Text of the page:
FROM JANUARY 2016'S RECRUITER MAGAZINE Imagine 30-plus recruitment chief executives, managing directors and founders, penning away in pure silence as if it were a school exam.
The cause? We had asked our recruitment leaders lunching at the Recruitment Directors Lunch Club [RDLC] three simple questions: What do you do? How do you do it? And why do you do it?
The cloud of ‘Am I really that different?’ descended quite quickly. These questions are rarely asked. Entrepreneurs and business leaders often push so hard to improve and grow their enterprises they sometimes lose sight of ‘Why’ they started on their journey.
We have collated the answers we received. But remember: yours may, and probably will, be different — it won’t be a skill, a credential or a result. It is an emotive attachment that drives you every day.
What? Recruitment, monitor, direct, build, grow, drive strategy, target, lead from the front, meet, negotiate, sell, finance, build knowledge, build relationships, build brand, stabilise, investigate.
How? Engage, incentivise, KPIs [key performance indicators], metrics, attract, retain market, promulgate, differentiate, niche, selective, training, specialise, USP [unique selling point], build rapport, affinities and connect.
Why? Challenge traditional methods, transcend present offerings, autonomy, personal control, to inspire others, passionate about recruitment. A belief I can do it better, prove the doubters wrong, because I can, to be the best I can be, to make a difference, to show my plans and drive are bigger than me, access personal choice, freedom, purpose.
We were keen to find connectives within the questions. Within the ‘What’ and the ‘How’ this was fairly simple. So why do businesses have such varying results in delivery, growth, scale, brand and profitability?
Could it be the ‘Why’? When it came to the ‘Why’, every leader in the room felt they didn’t have a ‘job’, as jobs infer an occupation or paid employment — and not a passionate entrepreneur or leader who knew ‘Why’ they were doing what they do. The entire group agreed: if you love ‘What’ you do and ‘How’ you do it, because you understand ‘Why’ you’re doing it, you’ll never work a day in your life again. Having a passion that is more than a hobby is about as good as it gets.
We found that ‘Passion and Purpose’, not ‘Production and Profit’, drove our group. It was also the passion and the purpose attached to their ‘Why’ that attracted such strong teams and recruiters to work for them and not just for money. The leaders’ ‘Why’ becomes the ‘Why’ of their teams and recruiters as they become believers in the vision of the business and its driver.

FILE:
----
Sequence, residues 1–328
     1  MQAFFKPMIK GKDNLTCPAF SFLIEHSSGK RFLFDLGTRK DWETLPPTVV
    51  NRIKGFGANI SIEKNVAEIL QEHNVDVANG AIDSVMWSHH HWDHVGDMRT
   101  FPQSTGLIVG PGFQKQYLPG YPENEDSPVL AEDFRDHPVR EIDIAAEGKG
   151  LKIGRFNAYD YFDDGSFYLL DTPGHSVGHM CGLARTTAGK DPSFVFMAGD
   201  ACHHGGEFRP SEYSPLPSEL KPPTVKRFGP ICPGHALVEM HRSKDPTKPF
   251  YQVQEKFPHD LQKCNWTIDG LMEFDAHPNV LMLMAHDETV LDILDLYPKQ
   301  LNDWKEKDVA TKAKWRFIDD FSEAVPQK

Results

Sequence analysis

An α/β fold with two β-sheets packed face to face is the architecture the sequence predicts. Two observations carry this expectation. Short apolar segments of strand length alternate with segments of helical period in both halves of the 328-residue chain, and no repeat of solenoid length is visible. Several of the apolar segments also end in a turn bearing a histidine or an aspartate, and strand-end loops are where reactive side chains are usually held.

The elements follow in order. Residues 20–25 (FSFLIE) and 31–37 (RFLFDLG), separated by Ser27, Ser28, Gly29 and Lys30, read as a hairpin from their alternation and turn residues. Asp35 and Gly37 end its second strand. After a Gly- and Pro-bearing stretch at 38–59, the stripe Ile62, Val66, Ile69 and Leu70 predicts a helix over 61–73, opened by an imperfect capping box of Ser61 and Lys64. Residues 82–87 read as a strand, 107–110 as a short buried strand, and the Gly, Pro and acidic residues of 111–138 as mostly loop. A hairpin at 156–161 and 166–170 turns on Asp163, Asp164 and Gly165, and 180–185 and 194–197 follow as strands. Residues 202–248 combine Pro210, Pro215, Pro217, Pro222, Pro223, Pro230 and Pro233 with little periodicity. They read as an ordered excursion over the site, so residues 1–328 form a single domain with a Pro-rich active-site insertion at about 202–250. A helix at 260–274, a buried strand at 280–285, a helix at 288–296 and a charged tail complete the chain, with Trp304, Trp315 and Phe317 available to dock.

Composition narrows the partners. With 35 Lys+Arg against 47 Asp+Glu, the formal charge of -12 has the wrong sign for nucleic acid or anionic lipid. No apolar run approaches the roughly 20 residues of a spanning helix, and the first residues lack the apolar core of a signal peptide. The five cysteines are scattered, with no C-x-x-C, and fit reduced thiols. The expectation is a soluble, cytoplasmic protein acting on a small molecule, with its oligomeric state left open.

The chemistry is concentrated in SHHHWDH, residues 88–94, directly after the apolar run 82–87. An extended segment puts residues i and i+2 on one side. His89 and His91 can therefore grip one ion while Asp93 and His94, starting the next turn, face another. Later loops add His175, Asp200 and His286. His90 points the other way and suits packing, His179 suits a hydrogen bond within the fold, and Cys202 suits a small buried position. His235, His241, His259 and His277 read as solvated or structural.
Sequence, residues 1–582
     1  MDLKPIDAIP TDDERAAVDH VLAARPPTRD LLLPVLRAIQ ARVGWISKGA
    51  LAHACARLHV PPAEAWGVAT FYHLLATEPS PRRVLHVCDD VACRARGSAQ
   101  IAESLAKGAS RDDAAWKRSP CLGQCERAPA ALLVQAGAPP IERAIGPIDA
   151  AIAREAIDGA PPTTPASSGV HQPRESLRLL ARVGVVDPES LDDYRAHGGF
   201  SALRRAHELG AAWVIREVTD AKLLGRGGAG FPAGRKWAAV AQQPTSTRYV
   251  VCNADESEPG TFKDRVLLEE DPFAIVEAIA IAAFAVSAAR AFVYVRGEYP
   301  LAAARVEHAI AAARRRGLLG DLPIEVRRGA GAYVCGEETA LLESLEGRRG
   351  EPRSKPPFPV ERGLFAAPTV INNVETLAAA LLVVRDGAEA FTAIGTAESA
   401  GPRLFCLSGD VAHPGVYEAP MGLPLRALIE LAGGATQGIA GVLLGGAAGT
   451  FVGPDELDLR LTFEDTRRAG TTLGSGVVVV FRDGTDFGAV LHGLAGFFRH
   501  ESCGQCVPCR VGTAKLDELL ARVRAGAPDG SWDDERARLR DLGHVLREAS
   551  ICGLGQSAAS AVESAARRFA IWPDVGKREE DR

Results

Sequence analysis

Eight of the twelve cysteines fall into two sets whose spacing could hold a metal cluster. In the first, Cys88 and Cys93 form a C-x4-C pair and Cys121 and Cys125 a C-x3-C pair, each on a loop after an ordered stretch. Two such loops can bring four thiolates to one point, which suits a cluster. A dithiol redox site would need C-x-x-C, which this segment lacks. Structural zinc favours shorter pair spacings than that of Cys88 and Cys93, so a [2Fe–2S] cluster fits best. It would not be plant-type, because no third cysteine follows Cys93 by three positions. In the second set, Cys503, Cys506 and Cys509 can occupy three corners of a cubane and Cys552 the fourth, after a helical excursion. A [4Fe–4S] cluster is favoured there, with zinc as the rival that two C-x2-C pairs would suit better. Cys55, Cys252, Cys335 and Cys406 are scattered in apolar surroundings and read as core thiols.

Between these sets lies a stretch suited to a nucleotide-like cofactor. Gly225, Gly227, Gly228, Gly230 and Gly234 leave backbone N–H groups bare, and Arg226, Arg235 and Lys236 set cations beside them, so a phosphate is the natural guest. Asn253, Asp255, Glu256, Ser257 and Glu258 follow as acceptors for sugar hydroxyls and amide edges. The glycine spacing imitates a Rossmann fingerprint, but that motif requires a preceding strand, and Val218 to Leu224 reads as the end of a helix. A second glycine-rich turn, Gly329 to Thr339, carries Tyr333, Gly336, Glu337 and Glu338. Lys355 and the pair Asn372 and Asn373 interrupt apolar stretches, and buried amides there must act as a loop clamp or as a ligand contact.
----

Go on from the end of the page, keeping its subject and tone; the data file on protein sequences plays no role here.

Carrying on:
Understanding ‘Why’ helps a team to overcome obstacles, as each obstacle in their way just becomes an instruction on a new way in which to achieve your goal.
It is a truly powerful exercise and one that has also helped to grow, as well as save, many businesses. Having a ‘Why’ gives the ‘Passion and Purpose’ required for initiating, bettering, improving and growing an enterprise. History tells us that many small armies have won big battles and decisive wars because they believed in their leader and they knew ‘Why’ they were fighting.
As RDLC founders, we have subscribed to this behaviour throughout our careers to initiate, originate, accelerate, and to take businesses on the precipice and turn them into cohesive high-growth enterprises.
It is such a clarifying exercise. Pure concentration becomes so rewarding as you find your ‘Why’; it is an almost cathartic experience and one to be embraced.
RDLC Top tip Why not take an hour or so out of your day or weekend to find your ‘Why’? You may never have to work another day again. As Ralph Waldo Emerson described knowing your ‘Why’: ‘Do not go where the path may lead, go instead where there is no path and leave a trail.’.
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